Enough with the lecturing Active learning improves grades, reduces failure among undergrads in STEM

A significantly greater number of students fail science, engineering and math courses that are taught lecture-style than fail in classes incorporating so-called active learning that expects them to participate in discussions and problem-solving beyond what they’ve memorized.

Active learning also improves exam performance in some cases enough to change grades by half a letter or more–so a B-plus, for example, becomes an A-minus.

Those findings are from the largest and most comprehensive analysis ever published of studies comparing lecturing to active learning in undergraduate education, said Scott Freeman, a University of Washington principal lecturer in biology. He’s lead author of a paper in the Proceedings of the National Academy of Sciences the week of May 12.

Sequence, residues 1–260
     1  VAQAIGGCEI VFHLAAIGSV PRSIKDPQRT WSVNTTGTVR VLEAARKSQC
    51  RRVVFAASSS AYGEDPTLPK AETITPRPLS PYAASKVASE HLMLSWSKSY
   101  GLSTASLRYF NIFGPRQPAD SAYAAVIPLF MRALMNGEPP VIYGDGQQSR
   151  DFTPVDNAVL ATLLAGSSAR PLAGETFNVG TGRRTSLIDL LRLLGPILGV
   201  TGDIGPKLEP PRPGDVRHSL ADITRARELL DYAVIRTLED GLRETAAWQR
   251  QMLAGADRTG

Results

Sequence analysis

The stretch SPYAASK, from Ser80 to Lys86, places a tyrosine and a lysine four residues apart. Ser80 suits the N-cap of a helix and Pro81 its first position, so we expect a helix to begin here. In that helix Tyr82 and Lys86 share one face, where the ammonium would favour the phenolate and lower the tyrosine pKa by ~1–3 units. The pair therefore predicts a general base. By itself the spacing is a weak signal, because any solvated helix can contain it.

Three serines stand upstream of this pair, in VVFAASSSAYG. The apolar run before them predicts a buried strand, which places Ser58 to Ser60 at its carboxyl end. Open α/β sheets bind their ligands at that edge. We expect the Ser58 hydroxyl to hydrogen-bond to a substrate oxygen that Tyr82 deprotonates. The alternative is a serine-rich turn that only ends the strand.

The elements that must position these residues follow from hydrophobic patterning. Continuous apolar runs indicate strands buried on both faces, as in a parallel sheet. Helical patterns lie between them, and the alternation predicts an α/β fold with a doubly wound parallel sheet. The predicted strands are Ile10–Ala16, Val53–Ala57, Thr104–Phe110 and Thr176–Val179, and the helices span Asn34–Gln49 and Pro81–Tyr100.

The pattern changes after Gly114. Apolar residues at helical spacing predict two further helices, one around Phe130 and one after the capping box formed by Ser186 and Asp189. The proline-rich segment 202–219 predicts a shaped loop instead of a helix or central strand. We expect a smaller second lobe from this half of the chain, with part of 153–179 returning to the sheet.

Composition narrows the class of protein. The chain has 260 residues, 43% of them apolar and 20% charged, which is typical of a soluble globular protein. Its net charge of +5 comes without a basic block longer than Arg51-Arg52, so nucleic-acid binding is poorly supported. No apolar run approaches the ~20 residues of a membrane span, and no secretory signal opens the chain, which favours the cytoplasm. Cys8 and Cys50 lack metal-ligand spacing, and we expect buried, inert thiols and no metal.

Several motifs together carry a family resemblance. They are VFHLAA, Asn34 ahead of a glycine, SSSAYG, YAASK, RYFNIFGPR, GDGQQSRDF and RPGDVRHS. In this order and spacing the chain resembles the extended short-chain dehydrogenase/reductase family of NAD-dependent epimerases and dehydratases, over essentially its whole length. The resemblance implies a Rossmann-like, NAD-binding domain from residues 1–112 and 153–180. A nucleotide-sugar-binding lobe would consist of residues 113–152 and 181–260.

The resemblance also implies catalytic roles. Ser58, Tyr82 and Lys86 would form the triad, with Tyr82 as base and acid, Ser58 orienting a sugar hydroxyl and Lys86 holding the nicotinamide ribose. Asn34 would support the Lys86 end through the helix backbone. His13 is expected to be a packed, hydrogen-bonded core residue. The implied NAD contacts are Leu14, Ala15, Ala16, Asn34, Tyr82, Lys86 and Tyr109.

Read more at nsf.gov – National Science Foundation (NSF) News – Enough with the lecturing – US National Science Foundation (NSF).

The original citation: Freeman, Scott, Sarah L. Eddy, Miles McDonough, Michelle K. Smith, Nnadozie Okoroafor, Hannah Jordt, and Mary Pat Wenderoth. “Active learning increases student performance in science, engineering, and mathematics.”Proceedings of the National Academy of Sciences (2014): 201319030. (html)

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About Dr. J. Metzker

I believe in the power of a liberal education to transform individuals and society. I am currently the Executive Director of the Brown Center for Faculty Innovation and Excellence. Formerly, I led a community engagement initiative and held a full professorship in chemistry at a public liberal arts university. I am a proud product of The Evergreen State College.
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